Yu Sze-hon's winning short story highlights Hong Kong's serious environmental problems

Yu Sze-hon's winning short story highlights Hong Kong's serious environmental problems

Yu Sze-hon, the champion of our short story competition, talks to YP cadet Miuccia Chan about his inspiration


Yu Sze-hon recommends reading different styles of writing to improve your skills.

Not everyone has what it takes to be an author. Being able to create something from nothing is hard. Making sure that it's interesting and exciting enough for other people to want to read is even more difficult. But Young Post's Summer Story Competition winner Yu Sze-hon has done just that.

Sixteen-year-old Sze-hon's story describes Hong Kong's future; a future that sees the city almost completely underwater. The idea for the story stemmed from a report about rising sea levels, which inspired one of the key elements in the story: the extensive flooding that leaves most of Hong Kong's residents in the year 2065 living in homes on top of water rather than on land.

"I've worked on a few short sci-fi stories in the past, so the idea of adding hi-tech, futuristic solar panels into this story came quite naturally to me. When I saw the theme of the competition, 'Sunshine On My Shoulder', I thought my story would be a lot more innovative if I took it literally. This was what inspired me to write the scene where the protagonist puts the solar panel on his shoulder. I mean, I couldn't have put the 'sunshine on his shoulder' any more literally than that, right?" Sze-hon jokingly says.

But of course, like all aspiring Shakespeares out there, Sze-hon faced some challenges while writing. The main obstacle was the setting.

"I really had to do quite a bit of research before putting pen to paper," he says. The geography was the main problem: how high the water level should be, which regions would be flooded, and which wouldn't. "In the end, I solved the problem with the help of a contoured map of Hong Kong. Another good reason why you should pay attention during geography lessons," he adds.

But a love of writing wasn't the only reason he wrote the story.

"I suffer directly because of the environmental problems, being an asthma patient myself. My doctors blame it on air pollution, and tell me that it won't improve unless I move somewhere with cleaner air. It's disheartening to think about how serious the environmental problems are in Hong Kong, and how so many Hongkongers like me suffer because of it," says the student from Tsuen Wan Government Secondary School.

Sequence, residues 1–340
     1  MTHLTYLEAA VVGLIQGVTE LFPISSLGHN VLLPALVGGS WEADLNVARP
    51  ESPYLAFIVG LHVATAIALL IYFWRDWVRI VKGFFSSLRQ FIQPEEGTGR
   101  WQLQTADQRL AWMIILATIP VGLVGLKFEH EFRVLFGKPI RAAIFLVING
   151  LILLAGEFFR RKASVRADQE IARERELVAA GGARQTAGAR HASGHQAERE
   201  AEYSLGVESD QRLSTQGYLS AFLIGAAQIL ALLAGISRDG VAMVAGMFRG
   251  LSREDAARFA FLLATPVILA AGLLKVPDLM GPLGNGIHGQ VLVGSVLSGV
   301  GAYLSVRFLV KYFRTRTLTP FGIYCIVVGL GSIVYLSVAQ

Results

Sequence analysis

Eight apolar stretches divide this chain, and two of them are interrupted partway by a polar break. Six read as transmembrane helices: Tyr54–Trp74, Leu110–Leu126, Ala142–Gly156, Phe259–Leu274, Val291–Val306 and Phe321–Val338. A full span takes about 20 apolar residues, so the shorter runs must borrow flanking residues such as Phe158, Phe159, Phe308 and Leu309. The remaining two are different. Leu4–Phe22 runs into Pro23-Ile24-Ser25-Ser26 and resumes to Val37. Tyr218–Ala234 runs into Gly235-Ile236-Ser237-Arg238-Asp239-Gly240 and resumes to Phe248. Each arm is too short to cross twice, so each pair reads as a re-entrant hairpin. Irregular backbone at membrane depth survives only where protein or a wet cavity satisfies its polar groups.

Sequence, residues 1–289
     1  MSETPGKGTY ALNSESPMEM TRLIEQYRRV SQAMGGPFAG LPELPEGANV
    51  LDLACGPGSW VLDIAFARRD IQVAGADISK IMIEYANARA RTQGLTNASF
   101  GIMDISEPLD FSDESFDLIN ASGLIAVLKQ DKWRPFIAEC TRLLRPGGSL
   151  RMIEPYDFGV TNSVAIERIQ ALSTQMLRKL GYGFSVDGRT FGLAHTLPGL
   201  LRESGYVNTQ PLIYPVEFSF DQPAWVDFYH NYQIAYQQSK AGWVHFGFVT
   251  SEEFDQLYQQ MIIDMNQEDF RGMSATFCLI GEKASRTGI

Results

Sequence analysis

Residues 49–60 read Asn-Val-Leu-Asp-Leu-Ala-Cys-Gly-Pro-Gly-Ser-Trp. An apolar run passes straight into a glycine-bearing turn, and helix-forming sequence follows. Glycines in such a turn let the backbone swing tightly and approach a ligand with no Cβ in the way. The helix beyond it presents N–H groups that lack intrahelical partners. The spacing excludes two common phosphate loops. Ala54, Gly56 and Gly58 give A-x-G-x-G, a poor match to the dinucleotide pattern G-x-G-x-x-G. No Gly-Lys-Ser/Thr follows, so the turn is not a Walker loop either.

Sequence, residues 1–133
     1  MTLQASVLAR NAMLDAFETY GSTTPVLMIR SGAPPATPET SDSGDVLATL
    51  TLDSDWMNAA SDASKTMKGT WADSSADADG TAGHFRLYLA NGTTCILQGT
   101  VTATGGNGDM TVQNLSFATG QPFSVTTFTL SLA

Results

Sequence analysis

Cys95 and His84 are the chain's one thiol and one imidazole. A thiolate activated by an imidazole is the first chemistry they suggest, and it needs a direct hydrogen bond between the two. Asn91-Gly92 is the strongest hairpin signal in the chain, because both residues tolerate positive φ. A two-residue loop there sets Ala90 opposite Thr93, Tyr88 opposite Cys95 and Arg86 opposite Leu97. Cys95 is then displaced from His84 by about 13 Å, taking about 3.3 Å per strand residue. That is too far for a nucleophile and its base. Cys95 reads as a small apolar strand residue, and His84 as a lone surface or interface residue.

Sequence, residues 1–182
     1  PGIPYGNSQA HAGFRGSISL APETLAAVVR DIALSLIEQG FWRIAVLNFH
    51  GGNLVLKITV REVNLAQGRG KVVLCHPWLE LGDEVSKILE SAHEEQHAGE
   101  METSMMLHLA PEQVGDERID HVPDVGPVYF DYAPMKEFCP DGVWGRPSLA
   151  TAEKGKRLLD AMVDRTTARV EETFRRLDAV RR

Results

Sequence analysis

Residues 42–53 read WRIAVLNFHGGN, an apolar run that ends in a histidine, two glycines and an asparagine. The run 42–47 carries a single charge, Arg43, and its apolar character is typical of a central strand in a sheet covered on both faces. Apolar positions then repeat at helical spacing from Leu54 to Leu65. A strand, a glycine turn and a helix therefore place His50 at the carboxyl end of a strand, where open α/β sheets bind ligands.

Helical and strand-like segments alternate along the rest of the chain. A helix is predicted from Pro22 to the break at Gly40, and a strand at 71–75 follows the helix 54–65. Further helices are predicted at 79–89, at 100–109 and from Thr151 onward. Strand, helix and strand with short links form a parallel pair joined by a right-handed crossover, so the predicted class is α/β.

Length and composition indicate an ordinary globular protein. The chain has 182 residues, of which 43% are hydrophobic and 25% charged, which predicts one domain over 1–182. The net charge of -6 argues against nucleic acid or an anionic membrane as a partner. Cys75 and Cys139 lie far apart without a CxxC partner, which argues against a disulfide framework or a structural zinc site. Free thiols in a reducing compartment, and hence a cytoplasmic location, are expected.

Read Yu Sze-hon's winning short story!

The theme of his story came from his passion for the environment, and his anger at social inequality. Sze-hon is an enthusiastic supporter of the environment, and thinks the income gap between the rich and the poor is to blame. "The rich don't conserve energy as much as the poor do because they can afford to waste. Another outrageous example is the fact that the more electricity the commercial sector uses, the less it needs to pay, thanks to our highly commercialised society."

While some environmental problems are inevitable, Sze-hon hopes to show people that a lot of these issues can be avoided by making small changes.

"I'm completely overjoyed to have won this competition. I really didn't expect my work to make the winning list of Hong Kong's best English-language newspaper," says Sze-hon. "This is a great confidence boost, and will give me the motivation to continue writing. I really wish to see positive changes in our society, however small, and maybe my writing can help make those changes happen."

Behind every successful person, there are supporters, and Sze-hon knows he couldn't have done it without the support of his family, teachers and friends. "I would especially like to thank my mentor, who has always given me the freedom to write whatever I want, as well as my parents, the most attentive listeners in the world."

Sze-hon has his own tips for any aspiring writers out there. It might sound obvious, but he notes that reading is essential to boosting your writing skills.

Just as a balanced diet is important for your body, Sze-hon emphasises that it's good to be exposed to different styles of writing. "The sky's the limit. Write about anything that pops into your head," says Sze-hon.

And he follows his own advice. In his spare time, Sze-hon writes regularly for all sorts of different reasons. He might be writing a fictional story about the medieval city of Constantinople, or drafting a business proposal on how to set up a TNT factory. Right now, he is working on an advert for a spa.

"I keep a journal, too. I think recording everything using words is more satisfying than taking photos," Sze-hon says.

This article appeared in the Young Post print edition as
Winners write for a reason


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